Call it a race war, not a war between races but a war against racism, where we all take the side of America, the land of we the people, and take aim squarely at the rot that eats at the foundation of our country.  The casualties of this war are not just minorities–this weekend they were white, and they bled blue. Heather Heyer. Lt. H. Jay Cullen. Trooper Berke M. M. Bates.

The truth is that the racism negatively affects everyone in this country.  The same systems that disadvantage minorities also met out class and gender oppression, as well as a kick-ass sleeping potion of culture that keeps many people fighting against their own interests.  Racism hurts everyone…no not in an anti-white-racism-is-real way, but in the way that three victims are dead and they had white faces.  The fight does not neatly divide along racial lines.  This fight, in the end, is about power. To be clear this is not a war against white people, but against systems of racial oppression and inequality. There is nothing anti-white about wanting our country to deliver the equity promised in our founding.013-large

Don’t be alarmed to call it a war.  America knows how to wage war.  Wars mobilize resources. War requires coordinated and cohesive narratives to win hearts and minds. They engage our government in taking sides for the people it is sworn to represent. A declaration of war makes sure our military and homeland security are vigilant, prioritizing white hate groups as the deadly threat that they are.  This administration already knows how to do this: they rolled out a blueprint in the war it declared on MS-13 just two weeks ago. Copy, paste–wage war on the criminals and thugs that spatter our streets with blood: white nationalists. No challenge has so plagued America as race. No foe is no more worthy of eradication than racism.ZZ0D9BDB29Too late for it to have any real meaning, Trump calls white nationalist thugs and criminals–not the same language used for terrorists like Isis.  Be clear though, these hate groups are terrorist organizations.  They are not motivated by drug money or bad parenting: they are motivated by ideology, an ideology of hate and evil that has had too much of a hand on the wheel of America for years.  A century ago members of the Klan wore hoods in the evening and suits, badges and campaign buttons in the day.  In 2017 they still do.  People who espouse this ideology are not just outliers, they are people with White House badges like Stephen Miller and Steve Banon, founder of ultra-racist Breitbart News.  It is past time for this administration to oust these hatemongers from the government payroll.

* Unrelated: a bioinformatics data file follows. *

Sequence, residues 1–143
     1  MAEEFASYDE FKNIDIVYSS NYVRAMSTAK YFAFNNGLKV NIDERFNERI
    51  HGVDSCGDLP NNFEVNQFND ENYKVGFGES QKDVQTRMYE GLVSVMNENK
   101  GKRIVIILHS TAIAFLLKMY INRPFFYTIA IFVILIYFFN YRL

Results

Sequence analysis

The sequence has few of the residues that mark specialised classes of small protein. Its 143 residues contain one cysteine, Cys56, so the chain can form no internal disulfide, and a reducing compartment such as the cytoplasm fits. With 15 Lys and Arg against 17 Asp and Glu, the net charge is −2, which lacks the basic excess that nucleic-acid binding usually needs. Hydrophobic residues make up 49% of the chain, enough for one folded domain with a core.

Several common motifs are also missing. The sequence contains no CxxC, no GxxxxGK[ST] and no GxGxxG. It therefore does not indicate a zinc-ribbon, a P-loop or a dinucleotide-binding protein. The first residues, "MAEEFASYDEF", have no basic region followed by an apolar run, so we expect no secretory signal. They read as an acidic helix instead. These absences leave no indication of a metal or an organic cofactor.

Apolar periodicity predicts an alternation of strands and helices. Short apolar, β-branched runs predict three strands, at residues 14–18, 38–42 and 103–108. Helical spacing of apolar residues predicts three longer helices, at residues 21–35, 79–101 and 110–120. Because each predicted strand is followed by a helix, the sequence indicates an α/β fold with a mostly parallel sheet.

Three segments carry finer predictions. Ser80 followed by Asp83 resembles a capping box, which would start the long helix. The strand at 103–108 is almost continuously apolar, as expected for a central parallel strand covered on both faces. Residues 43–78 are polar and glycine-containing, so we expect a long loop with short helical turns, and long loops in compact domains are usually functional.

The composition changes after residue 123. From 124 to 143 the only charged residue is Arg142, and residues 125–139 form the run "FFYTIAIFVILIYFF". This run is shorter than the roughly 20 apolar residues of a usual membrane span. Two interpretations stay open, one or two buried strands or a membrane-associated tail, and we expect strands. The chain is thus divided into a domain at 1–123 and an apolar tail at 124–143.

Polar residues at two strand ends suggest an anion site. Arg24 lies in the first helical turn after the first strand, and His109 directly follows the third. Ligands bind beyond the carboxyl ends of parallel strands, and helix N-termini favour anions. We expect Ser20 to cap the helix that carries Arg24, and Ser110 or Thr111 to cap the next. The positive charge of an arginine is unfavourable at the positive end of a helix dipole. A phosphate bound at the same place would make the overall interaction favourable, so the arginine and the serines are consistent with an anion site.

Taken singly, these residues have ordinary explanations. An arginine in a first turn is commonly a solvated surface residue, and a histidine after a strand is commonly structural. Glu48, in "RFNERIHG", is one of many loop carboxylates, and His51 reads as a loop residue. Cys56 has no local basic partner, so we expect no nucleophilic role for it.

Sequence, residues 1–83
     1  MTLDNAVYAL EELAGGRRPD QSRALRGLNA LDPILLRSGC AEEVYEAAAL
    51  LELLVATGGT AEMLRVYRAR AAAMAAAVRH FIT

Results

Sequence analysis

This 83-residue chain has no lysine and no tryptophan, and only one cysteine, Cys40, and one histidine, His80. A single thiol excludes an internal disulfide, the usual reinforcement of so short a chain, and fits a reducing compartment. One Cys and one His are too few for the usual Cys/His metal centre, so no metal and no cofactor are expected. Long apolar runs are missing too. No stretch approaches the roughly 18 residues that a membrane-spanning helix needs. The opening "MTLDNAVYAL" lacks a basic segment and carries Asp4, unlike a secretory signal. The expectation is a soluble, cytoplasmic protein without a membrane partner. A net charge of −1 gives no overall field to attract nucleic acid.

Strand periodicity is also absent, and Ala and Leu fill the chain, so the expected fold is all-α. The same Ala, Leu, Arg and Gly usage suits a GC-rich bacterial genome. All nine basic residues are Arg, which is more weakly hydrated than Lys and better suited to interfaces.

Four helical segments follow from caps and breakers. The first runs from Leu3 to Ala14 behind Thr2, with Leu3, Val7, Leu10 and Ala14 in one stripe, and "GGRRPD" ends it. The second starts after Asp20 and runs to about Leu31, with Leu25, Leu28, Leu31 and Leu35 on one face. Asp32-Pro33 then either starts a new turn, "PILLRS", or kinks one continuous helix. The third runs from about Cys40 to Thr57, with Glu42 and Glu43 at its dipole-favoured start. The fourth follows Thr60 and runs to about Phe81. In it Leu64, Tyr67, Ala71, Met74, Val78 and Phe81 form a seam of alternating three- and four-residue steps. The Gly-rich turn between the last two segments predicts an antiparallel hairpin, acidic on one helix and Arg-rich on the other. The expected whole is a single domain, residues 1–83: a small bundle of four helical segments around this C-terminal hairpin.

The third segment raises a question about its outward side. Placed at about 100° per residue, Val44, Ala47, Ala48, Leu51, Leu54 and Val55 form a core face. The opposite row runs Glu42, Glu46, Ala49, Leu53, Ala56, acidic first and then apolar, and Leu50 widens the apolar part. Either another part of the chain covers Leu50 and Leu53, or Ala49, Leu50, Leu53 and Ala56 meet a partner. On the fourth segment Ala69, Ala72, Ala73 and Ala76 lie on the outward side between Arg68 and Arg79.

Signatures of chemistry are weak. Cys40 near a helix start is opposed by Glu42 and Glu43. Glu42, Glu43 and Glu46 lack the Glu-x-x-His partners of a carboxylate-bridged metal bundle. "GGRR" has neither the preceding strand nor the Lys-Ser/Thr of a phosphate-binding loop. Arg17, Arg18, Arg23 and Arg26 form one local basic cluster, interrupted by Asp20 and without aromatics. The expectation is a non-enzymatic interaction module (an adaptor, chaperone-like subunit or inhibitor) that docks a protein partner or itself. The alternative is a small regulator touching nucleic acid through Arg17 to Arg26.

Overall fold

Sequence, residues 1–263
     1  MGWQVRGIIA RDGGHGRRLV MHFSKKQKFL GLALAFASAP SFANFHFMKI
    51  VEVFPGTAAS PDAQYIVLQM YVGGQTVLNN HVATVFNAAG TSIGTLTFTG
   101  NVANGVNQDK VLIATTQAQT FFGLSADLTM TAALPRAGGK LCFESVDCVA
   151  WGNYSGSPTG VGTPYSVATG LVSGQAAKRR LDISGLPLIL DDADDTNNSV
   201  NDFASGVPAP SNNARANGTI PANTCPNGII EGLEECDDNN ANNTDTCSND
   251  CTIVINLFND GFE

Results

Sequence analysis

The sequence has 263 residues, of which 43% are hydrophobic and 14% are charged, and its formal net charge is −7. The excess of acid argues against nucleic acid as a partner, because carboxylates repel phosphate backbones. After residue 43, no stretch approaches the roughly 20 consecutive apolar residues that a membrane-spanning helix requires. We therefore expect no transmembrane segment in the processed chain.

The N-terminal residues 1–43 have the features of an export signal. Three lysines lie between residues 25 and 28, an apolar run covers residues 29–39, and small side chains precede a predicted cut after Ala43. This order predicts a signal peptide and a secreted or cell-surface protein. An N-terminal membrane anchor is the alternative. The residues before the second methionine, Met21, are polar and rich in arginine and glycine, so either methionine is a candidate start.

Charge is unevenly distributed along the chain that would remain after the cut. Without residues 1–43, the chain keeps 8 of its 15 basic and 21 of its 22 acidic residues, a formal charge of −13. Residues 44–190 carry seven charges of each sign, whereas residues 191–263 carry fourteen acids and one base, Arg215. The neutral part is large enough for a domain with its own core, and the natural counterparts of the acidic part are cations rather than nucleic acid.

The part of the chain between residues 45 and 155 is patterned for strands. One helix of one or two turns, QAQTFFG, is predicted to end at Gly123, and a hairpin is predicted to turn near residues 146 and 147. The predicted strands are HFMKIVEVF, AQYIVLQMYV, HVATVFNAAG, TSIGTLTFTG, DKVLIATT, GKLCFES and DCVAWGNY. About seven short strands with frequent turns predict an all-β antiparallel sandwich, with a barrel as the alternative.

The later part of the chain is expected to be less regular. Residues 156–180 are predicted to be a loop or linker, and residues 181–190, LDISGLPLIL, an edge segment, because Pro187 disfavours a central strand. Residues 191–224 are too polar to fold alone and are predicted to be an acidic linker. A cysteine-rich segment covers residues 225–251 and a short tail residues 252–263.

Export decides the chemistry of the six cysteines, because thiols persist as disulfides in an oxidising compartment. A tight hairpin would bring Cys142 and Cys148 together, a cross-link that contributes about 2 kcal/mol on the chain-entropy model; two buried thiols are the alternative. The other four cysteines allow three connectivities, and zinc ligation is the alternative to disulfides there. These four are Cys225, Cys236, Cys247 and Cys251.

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Don’t be fooled by a foot dragging weak response.  Like any addiction, acknowledging you have a problem is only the first step. That 45 could force the words from his mouth is meaningless as his policies and inner circle cheer on white supremacy.   The administration is far from declaring war on racism. But that doesn’t stop you–yes you–from speaking up, speaking out and getting involved wherever you are and however you can.

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I’m done with outrage. I am outraged again.   I’m not done fighting–I’m a soldier in this fight and you are too.  I conscript you.  I need you to destroy this mad brute of White supremacy. You cried for London, you prayed for Nice; now, fight for America.

 

 

 

Susan X Jane

Susan Jane thinks a lot about media and race…a lot. She teaches Communications at Wheelock College, writes and speaks about media…and race... and generally encourages everyone she meets to think about the way media shapes their sense of self and their ideas and beliefs about the world. If you're reading this, she wants you to think about it too. Want to talk about it? Let's go.